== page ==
Earlier this week, UNC's Hussman School of Journalism and Media’s accreditation status was downgraded by the Accrediting Council on Education in Journalism and Mass Communications, according to a report by WRAL’s Cullen Browder.
Challenges to the Hussman School’s accreditation come after ACEJMC found the program out of compliance with its 2021 standards for diversity, equity, inclusion and social justice.
Despite immediate, and understandable, outrage at the profoundly irresponsible administration that allowed this to happen, we shouldn’t be surprised that the program’s priorities are so maligned. It’s nothing that the journalism school – and UNC as a whole – hasn’t demonstrated to us before.
Heidi Hennink-Kaminski, interim dean of the Hussman school, naively told WRAL that this decision was “unexpected.” In reality, sanctions against a program that has routinely denied opportunity for BIPOC faculty and students are overdue.
Nikole Hannah-Jones being initially denied tenure prompted BIPOC faculty to call out longstanding inequities that go far beyond the events of last summer. The first and only Black woman to have tenure in the Hussman School – Dr. Trevy McDonald – was not awarded this status until 2018.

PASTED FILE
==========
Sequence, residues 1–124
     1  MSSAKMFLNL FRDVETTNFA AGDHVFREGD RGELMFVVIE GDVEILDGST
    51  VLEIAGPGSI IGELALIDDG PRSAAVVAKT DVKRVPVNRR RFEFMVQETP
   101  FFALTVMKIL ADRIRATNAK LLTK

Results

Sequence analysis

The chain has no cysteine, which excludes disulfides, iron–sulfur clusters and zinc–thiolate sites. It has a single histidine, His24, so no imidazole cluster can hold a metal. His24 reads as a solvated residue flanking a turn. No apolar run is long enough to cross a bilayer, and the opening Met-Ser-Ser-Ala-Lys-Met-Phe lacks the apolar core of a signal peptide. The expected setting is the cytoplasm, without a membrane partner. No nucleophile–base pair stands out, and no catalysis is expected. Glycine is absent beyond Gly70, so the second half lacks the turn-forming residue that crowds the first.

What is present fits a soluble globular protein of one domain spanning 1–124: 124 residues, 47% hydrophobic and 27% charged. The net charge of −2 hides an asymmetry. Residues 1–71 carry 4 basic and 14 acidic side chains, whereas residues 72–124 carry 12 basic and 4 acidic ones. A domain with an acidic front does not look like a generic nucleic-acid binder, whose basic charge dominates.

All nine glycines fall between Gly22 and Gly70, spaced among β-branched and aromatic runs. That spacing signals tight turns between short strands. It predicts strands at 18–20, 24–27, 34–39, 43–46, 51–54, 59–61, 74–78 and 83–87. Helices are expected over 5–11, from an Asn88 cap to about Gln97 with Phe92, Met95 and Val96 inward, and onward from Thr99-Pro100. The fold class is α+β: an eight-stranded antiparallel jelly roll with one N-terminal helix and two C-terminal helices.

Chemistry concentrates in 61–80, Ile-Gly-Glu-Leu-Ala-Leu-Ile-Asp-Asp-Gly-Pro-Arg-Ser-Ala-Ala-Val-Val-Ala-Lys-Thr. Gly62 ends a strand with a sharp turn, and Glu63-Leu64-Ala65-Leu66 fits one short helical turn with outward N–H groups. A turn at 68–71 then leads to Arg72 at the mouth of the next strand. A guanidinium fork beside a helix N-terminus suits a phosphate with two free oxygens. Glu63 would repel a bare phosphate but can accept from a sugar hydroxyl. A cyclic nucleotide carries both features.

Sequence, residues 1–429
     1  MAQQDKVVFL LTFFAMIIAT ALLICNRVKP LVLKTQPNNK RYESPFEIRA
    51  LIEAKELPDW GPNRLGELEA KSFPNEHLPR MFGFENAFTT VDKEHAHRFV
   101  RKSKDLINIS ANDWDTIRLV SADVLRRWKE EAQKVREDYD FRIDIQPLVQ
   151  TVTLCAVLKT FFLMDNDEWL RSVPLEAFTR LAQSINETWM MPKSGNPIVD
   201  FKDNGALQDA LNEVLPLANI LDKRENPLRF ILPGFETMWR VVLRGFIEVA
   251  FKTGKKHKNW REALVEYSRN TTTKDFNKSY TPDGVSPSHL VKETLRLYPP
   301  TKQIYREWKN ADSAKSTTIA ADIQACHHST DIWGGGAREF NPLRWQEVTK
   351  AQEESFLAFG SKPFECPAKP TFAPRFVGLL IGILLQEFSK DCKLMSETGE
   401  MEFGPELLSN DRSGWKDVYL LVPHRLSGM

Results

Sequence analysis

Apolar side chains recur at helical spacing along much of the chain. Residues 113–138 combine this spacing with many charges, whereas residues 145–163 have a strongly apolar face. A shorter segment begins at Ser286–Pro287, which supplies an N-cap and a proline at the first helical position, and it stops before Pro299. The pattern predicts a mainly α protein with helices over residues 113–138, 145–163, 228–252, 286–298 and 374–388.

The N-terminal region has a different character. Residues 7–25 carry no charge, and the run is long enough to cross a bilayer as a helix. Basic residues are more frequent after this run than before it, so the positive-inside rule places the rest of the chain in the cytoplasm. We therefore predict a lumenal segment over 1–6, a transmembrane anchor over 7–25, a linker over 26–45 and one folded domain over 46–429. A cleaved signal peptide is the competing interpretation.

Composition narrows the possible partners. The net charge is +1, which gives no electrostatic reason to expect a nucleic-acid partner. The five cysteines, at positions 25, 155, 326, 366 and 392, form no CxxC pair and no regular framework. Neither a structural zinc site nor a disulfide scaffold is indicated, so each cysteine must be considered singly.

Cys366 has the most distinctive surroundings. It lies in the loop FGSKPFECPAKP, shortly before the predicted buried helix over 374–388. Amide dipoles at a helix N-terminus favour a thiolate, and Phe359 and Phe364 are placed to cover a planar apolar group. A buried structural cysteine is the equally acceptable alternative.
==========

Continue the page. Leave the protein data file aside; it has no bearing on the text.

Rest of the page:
BIPOC faculty bear the burden of orchestrating racial equity initiatives, often working unpaid hours to petition for and spearhead DEI reforms. Meanwhile, they are vastly underrepresented. White members make up about 73 percent of UNC’s faculty. Black students are only 8 percent of the student population, despite making up over 20 percent of the state population.
Meanwhile, a predominately white administration has systemically ignored the demands of Black student leaders, even going so far as to make multi-million dollar deals with Confederate groups.
It’s not just a Hussman problem, but a reflection of UNC as a whole. There is an institutional unwillingness to grapple with longstanding gaps in equity for students and faculty of color.
Don’t let the magnitude of ACEJMC’s decision escape you, either. The Hussman School’s accreditation has been downgraded to a provisional status, joining only three other universities in the country. The school has two years to demonstrate compliance with the national accreditation committee’s standards to be regranted full accreditation, or stripped of this prestige completely.